Publication triggered a wave of interest. It was 1991, and Sergei’s bitter verse perfectly matched the public mood on the eve of the Soviet collapse. Fan mail arrived in heaps. The national poet of Dagestan telephoned, demanding an introduction. When Sergei’s sister confessed that the poems were written by her brother, eight years into a 15-year jail sentence, Sergei became a prisoner of conscience. Every scrap of his work, however raw and self-pitying, was published and praised.
A public campaign took off, led by a Moscow group working to release “economic criminals.” The new president, Boris Yeltsin, signed his pardon in August 1992. Sergei didn’t believe it when they woke him and told him to go to the governor. But by four o’clock that afternoon he was leaving prison with a second-hand suit and the train fare home.
No one told his family that he’d been released years early. When he walked into his mother’s kitchen, on her 60th birthday, she fainted.
Soon after Sergei got out of jail, a married doctor called Lyuda was so entranced by his poems that she left her husband and three children to live with him. They married and had a baby son.
I first met them in July 1997, in an empty flat with a heap of suitcases against one wall. Lyuda and the baby were emigrating to the US. Sergei was staying behind. Because of his criminal record, the US embassy had refused him a visa.
Sergei was philosophical. Afterwards he moved across town to his sister’s flat. His mother and sister share a pull-out bed in the television room. There is nothing in Sergei’s room but a single bed, a tape recorder and Lyuda’s letters from Houston.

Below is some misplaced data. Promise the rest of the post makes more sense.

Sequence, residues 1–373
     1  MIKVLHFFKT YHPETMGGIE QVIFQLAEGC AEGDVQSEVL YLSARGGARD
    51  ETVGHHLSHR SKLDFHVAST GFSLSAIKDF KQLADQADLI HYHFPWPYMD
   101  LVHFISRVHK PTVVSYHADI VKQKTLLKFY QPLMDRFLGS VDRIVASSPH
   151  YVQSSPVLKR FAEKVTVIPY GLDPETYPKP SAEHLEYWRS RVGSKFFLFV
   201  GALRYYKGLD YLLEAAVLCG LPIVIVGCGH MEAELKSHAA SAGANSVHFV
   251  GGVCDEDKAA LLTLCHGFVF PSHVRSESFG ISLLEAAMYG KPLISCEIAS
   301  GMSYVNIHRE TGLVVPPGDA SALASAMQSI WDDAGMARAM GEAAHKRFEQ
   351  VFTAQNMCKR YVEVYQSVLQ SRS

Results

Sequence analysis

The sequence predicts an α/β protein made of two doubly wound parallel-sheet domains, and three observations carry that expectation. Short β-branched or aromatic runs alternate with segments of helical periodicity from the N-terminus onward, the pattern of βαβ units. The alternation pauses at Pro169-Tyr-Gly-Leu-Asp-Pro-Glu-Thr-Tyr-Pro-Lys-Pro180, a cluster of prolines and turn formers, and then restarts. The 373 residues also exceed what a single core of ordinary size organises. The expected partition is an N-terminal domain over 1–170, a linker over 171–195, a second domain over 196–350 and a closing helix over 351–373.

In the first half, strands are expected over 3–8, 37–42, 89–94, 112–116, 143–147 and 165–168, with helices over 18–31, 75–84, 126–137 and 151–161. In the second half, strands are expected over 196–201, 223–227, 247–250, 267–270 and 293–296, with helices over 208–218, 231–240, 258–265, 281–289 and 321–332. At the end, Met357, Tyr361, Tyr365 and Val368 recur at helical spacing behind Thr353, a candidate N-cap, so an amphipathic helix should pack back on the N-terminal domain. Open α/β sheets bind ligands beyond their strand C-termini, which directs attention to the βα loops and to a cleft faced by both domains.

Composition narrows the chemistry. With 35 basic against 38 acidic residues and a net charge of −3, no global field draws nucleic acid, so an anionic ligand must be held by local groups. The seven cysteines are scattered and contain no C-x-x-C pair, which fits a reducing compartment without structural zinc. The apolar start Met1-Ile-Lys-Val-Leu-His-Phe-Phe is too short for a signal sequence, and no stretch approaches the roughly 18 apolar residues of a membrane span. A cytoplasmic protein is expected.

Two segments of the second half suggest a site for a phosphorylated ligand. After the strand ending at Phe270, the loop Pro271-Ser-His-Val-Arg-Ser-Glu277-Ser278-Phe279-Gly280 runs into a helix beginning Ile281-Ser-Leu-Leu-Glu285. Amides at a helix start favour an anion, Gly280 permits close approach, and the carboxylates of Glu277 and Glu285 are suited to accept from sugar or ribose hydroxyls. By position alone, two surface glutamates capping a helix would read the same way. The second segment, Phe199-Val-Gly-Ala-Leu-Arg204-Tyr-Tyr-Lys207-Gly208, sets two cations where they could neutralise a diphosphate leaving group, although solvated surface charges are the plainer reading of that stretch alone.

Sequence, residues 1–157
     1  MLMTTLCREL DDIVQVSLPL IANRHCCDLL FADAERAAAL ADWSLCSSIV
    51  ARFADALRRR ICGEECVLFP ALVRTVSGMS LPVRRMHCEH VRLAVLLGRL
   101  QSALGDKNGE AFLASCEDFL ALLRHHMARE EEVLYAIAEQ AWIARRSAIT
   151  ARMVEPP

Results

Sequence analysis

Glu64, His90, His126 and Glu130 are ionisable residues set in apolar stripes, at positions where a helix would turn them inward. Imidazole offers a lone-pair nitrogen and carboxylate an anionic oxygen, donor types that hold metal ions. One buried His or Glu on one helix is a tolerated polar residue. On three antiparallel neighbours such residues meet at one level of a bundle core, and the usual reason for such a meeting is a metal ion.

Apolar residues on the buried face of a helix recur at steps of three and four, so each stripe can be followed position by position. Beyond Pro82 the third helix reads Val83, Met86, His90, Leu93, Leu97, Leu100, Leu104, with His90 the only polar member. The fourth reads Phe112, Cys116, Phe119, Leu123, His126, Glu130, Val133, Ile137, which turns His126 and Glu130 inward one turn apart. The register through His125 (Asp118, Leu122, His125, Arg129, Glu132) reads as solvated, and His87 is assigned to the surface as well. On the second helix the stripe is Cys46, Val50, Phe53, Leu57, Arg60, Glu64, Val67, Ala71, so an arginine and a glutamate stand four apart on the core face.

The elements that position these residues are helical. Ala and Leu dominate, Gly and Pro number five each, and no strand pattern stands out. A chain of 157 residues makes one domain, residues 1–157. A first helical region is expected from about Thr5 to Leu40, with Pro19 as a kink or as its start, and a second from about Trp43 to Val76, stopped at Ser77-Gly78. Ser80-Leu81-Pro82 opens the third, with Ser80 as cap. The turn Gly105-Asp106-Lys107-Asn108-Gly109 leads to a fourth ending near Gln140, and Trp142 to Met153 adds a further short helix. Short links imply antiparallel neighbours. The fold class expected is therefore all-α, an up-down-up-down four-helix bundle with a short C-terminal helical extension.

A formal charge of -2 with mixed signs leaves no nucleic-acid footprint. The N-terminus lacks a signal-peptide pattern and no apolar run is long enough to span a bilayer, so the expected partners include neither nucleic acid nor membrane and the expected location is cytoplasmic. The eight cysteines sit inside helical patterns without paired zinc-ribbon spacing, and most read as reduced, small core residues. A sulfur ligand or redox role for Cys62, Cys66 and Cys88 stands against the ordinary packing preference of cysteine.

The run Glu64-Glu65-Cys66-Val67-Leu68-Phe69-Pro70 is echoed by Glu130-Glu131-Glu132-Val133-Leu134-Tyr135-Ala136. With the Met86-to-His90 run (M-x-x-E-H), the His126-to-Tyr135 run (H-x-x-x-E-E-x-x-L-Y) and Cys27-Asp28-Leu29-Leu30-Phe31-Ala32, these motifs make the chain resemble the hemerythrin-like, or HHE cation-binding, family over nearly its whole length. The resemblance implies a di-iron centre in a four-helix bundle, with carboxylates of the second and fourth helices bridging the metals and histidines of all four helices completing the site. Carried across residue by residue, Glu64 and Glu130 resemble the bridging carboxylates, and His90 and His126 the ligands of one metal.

Sergei is treated with exaggerated respect in Makhachkala, as someone who suffered unjustly and escaped by a miracle. He enjoys his reputation: back at the Smolensk Penitentiary, he says with a little smile, many prisoners have started writing poetry in the hope that they too will get their sentences cut.
But he is a monkish oddity in a place and time where money and power, the things he once wanted so much, are uppermost in people’s minds. Sergei is no longer interested. He has published a book of prison verse, but he gives the copies away. He works at a local paper, but only as a typesetter. He dresses modestly. He often forgets to eat.
Mostly he sings. He’s found his voice, and is recording an album of his poems set to music. He plans to name it after the last words of warders to prisoners: “Get your things and go.”
He doesn’t fish any more, although he still knows both how to gut a sturgeon and how to gentle one by stroking its head. He has eaten the rarest of delicacies, tsar’s caviar, the pale eggs of albino sturgeon. He talks with love about the fish-their spring migrations down the Volga, the big beluga under the ice in February, the bream, wild carp, and the sevruga and osyotr sturgeon. And he talks with sorrow about the war on the sea today.
“Everyone’s massacring the fish-ministers, lowlifes, Azerbaijanis in big boats. There’s never been anything like this-people trawling in military boats in a sea so festooned with nets that the fish can’t escape. Soon the fish will exist only in our memories.”
In the evenings, when the wind blows, he sits in his white room playing his half-finished tape and trying to find a way to join his family.
Before leaving, I asked if he’d help me choose some good caviar. “Oh no,” he said. “I never go near it any more. Every now and then I eat a very tiny bit of fish, so as not to lose the taste altogether. But caviar makes me sick to my soul.” n